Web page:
Maybe people wouldn't use it everyday, but if they felt that if they needed this information, they could get it, then they wouldn't feel like there was sort of a shroud of secrecy around government.
It calls for a real sea change in the way government people think about information. People provide the information and they're providing the cost through taxes. They are part of that system. It ought to be a free-flow across that artificial boundary that we say is government and non-government. That gives people a stake of ownership, a feeling that what's in there is theirs.
GT: You were in public life for over 20 years. What are some factors that have brought us to this point where people are demanding that this shroud of secrecy be gone, that they are able to access information quickly and effectively and so on? Ten years ago, I would assume that these demands weren't voiced with nearly as much volume.
Baker: You're quite right. I used to teach political science, and one of the things polls have shown is a steady erosion of confidence. People often say it started with Watergate and I would have to agree partially with that. I don't think it's only Watergate, but I do think that did tend to move government as an agency that you sort of trusted to one that you didn't trust, that you were ready to believe the worst about. If the government had been looked at under a microscope, whether it was Johnson, Nixon or any other president, it might have ended with the same kind of situation.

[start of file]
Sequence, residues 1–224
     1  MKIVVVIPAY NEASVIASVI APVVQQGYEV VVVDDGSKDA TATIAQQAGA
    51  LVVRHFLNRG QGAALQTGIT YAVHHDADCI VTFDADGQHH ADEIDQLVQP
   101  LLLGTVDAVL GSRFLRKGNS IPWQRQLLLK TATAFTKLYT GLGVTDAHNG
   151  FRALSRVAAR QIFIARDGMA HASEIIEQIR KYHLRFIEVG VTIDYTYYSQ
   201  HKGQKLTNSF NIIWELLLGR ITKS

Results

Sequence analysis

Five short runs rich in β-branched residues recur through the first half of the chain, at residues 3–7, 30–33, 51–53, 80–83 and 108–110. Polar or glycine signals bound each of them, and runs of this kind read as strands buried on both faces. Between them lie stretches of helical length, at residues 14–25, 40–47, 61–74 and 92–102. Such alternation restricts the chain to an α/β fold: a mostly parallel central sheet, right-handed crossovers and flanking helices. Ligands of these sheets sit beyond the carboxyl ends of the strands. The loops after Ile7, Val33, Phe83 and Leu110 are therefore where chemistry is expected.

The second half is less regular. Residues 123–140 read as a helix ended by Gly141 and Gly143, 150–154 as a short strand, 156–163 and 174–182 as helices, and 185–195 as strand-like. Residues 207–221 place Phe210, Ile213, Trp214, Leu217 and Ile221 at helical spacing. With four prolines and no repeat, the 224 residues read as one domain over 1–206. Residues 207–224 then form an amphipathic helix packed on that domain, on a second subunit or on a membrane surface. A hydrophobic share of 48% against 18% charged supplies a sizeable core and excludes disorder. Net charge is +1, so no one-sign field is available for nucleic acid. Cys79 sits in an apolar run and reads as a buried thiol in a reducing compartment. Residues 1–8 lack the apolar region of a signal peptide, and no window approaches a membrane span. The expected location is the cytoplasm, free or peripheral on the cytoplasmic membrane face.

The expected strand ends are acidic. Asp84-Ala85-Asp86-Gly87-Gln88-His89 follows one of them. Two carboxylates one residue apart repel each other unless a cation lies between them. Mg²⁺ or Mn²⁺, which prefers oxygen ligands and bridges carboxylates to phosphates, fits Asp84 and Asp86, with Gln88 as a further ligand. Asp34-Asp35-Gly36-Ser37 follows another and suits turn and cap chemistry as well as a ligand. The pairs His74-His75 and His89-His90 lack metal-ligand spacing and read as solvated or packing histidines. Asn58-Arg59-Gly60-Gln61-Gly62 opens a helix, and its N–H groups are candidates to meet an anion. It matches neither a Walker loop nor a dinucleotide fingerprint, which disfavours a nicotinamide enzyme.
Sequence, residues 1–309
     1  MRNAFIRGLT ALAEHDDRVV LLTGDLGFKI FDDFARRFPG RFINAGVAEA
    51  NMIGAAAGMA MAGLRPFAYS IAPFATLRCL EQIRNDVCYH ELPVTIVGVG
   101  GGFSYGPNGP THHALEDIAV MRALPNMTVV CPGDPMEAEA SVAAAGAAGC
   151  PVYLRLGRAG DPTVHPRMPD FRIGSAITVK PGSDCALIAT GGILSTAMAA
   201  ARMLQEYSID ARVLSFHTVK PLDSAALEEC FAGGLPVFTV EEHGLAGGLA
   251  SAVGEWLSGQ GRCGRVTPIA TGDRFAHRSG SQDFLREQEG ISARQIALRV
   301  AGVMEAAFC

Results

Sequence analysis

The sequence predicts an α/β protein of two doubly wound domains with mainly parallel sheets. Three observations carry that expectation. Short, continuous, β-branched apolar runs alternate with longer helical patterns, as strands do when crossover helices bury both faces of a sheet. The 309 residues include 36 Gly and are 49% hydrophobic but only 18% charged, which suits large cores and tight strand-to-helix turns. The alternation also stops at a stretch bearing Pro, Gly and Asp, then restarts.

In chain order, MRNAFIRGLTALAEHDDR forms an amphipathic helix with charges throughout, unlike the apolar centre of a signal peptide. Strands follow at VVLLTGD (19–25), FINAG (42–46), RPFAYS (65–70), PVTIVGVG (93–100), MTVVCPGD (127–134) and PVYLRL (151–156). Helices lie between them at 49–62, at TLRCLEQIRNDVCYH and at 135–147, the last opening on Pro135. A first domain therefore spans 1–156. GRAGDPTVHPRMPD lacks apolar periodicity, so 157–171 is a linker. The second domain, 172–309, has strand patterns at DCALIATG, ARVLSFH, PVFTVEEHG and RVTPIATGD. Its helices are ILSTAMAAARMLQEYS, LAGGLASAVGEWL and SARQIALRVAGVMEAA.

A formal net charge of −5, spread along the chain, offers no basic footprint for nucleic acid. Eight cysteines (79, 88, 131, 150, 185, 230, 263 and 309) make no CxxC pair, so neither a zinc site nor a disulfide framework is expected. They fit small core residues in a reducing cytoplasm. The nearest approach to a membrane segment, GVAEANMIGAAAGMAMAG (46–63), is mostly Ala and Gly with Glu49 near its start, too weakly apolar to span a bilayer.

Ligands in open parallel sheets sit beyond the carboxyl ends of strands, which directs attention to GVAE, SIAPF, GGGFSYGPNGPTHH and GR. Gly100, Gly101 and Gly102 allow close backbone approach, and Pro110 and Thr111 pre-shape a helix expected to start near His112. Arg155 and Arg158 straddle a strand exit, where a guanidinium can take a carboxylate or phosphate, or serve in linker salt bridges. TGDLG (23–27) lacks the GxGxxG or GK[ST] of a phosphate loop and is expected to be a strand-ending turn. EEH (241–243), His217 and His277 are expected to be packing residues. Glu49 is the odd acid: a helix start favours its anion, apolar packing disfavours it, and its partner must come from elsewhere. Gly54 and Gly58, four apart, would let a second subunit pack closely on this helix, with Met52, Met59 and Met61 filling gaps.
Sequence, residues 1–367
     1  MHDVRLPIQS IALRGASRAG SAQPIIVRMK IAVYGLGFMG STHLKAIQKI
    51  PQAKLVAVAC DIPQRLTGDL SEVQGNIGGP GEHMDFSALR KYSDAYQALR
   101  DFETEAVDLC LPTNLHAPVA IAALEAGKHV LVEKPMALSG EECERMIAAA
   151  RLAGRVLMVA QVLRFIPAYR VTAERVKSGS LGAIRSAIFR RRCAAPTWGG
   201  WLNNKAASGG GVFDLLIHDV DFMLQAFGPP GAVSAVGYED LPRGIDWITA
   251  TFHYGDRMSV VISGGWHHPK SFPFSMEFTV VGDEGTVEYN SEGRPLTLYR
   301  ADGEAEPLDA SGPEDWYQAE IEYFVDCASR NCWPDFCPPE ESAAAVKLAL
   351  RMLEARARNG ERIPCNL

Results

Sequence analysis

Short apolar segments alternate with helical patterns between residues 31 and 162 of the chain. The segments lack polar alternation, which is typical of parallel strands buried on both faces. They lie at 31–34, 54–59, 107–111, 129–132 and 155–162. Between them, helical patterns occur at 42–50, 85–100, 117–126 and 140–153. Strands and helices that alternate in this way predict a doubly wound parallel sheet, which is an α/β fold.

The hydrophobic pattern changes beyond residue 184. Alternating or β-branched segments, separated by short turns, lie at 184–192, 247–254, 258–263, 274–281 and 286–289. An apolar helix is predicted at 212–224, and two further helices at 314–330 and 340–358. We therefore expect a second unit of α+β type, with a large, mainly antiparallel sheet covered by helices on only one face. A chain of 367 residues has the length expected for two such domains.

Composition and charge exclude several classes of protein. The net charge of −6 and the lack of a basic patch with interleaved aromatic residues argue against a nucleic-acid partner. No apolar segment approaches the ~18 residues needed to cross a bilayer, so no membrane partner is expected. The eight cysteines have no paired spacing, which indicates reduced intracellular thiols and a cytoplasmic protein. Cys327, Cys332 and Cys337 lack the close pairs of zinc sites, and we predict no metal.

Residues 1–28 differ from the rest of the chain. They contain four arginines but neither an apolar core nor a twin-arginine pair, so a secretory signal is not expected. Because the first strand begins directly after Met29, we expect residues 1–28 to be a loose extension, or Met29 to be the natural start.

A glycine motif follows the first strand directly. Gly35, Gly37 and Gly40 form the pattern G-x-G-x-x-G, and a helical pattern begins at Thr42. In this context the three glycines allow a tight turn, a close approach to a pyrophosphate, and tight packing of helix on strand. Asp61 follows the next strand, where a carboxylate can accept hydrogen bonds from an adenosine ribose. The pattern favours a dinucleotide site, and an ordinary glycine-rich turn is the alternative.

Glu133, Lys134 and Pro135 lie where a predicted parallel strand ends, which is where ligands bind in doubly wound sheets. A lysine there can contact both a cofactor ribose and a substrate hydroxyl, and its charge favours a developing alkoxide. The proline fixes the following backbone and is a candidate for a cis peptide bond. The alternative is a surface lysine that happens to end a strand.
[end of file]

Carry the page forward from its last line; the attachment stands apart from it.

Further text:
That particular series of events did have a conditioning attitude on a generation of young people at that time who really became skeptical if not cynical about government.
I think other things contributed, too. One was the Cold War and the sense that there are certain things that have to be kept secret and that it was in their interest not to know certain things. And people accepted it. It certainly was a persuasive thing in terms of people's mentality about government.
Part of it too is just pure complexity. Just the fact that government has grown and grown and grown, its intrusions into our daily lives, all extending from well-intended purposes. If you put all those things together -- the Cold War, Watergate, growing complexity and size of government and interdependence of people in this kind of society -- those are the things that contributed to this distrust of government.
And I think it's reached epic proportions. If you look at a Perot-type candidate, someone outside the whole normality of this system, getting one out of every five votes in the last general election, it tells you that people are ready to look in a new direction. One of the things that has come out of analyzing those results is that many of those people who voted for Perot did not agree with each other on a lot of things. They just agreed that they wanted to see a change in the system.
GT: What are some of the ways out of this? As you said earlier, putting more information online is one way to deal with distrust of government. But this isn't going to solve the whole problem.
Baker: People's hostility will decrease as government functions are brought to the states and the localities from the federal level. And you hear that from both parties, it's not just a partisan thing. Part of it is because the budget deficit is huge. An American political philosophy is that the more local officials feel that the public can look over their shoulder, the more cautious they are, whether it's spending money or starting a new program.